Here we are in a world-wide economic down-turn  – does that mean that we all must don grey and black clothes, let the garden die and line our lives with illustrations with images similar to a Charles Dickens’ novel?  Not a chance!

In fact, art has a way of picking up the spirits and brightening  the future – so let’s get busy!

“What to do?” you may ask…  “I don’t have money to decorate” you may say… Not to worry!

Art does not have to be a stodgy effort of oil and canvas – nor does it have to be a perfect example of skill. Art is what decorates our lives and gives beauty to the dark corners of our rooms. 

I am a recent Twitter convert – and while my husband loves to follow political stories, I prefer something more positive, so I have looked for posts on all things bright and beautiful. In my quest, I have come across  a few Tweeters who are sharing their amazing ideas for adding beauty using materials that are all ready on hand – giving a whole new perspective to the word “recreation”. Isn’t it true that those who love to create find it recreational? – and if you are using recycled or repurposed materials, you have joined the upcycling (or as I call it “re-creation”) movement. 

My head is spinning with ideas – some old, some new.

         How about teddy bears or place mats sewn with old denim jeans?  

    Wreaths or adornments made from book page roses?

  Lamp shades from old milk bottles?

    Garden art from old soda cans?

Here is a hint: A quick internet search of “upcycling” or “crafting with recycled materials” will give you an endless list of projects – and if you are a Twitter fan, look for posts from Trashthetic, Triftybydesign and Hipcycle for some daily inspiration.

And don’t forget to WATCH THIS SPACE for some of our efforts!

Quick But Warm Two Tone Lap Blanket – No Sew!

While I have basked in 91 degree weather today, my friends and family back in the States have endured a winter of note – snow, power outages and now flooding. In honour of them, I have spent my Saturday making some lovely warm lap blankets – perfect for an evening of book reading or television viewing. Come July, I’ll be ready!

It all started with a bargain R99.00 ($12.00) for four beautifully colour coordinated polar fleece blankets on sale at my local Pick N Pay shop. They are a little thin, but perfect for the project I had in mind.

Materials and Tools:
1) Cheap and ready-made polar fleece blankets, but fleece bought from the local fabric shop would be as good, if not better.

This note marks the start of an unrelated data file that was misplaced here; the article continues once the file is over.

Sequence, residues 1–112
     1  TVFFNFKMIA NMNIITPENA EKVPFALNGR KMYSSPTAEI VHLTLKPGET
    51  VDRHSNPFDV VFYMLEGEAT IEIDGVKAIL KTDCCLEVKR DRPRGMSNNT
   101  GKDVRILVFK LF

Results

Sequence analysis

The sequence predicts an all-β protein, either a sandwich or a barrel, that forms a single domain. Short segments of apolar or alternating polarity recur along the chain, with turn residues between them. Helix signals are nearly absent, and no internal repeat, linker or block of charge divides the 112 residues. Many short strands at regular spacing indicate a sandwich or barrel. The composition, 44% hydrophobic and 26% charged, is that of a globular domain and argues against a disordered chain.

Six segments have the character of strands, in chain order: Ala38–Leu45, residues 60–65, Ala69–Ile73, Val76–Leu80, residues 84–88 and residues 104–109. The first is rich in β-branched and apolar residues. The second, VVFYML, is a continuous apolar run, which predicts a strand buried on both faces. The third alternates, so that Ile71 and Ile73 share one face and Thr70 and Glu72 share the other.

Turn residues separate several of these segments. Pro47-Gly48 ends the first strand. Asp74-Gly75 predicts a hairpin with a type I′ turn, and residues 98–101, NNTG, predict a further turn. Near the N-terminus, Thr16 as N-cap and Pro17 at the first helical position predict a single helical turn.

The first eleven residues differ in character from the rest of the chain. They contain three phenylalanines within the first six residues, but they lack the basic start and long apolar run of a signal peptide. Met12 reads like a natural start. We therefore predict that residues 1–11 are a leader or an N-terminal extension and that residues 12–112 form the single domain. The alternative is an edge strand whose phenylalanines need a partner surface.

2) A pair of Scissors
That’s IT!

Step One:
Layer two coordinating blankets (or lengths of fabric) on top of each other


Step Two:
Cut slits through both layers – 8 or 9 centimeters deep, spaced 3 or 4 centimeters apart. It is important that the cuts are consistently the same depth.


Step Three: Starting at one corner, begin to tie a basic square knot, using the bottom blanket’s strip tied to the top blanket’s strip.

Tip: Don’t tie too tightly as this may cause puckering.

Work around the blanket until the top is tied to the bottom along all edges.

Extra scraps of fleece could be used to decorate the center of the blanket – imagine flowers cut and fastened with a big bright button scattered across the face of the blanket.

Garden Art – a little bit of whimsy

I don’t know if it was the ceramic statues of gnomes, deer and squirrels in my Grandma Peterson’s garden (my brother and I would go on safari, hunting for them among the blooms and bush) or my mom’s creative flair in dressing up her flower beds with old shoes and teapots, but I have always wanted to add touches of something to my garden beds. 

 In our current home, we have a lot of well established green – and not too much colour. The bird life is great, and that has brought a special kind of colour, but I am ready for some fun.

At the moment I’m busy getting a container garden going, but once complete I am planning on getting a few fun things put together to add a bit of flair and maybe even fantasy to my garden (or yard, for my northern hemisphere friends and family).

High on my list are items created from upcycled goods. I love garden markers made from old spoons,

       Staked flowers from recycled soda cans

– and I’m definitely going to find an old bowling ball and croquet ball and do a bit of mosaic.
 

It’s a good thing that garden art has progressed beyond clever arrangements of gnomes and squirrels, and that there is so much great inspiration to be had!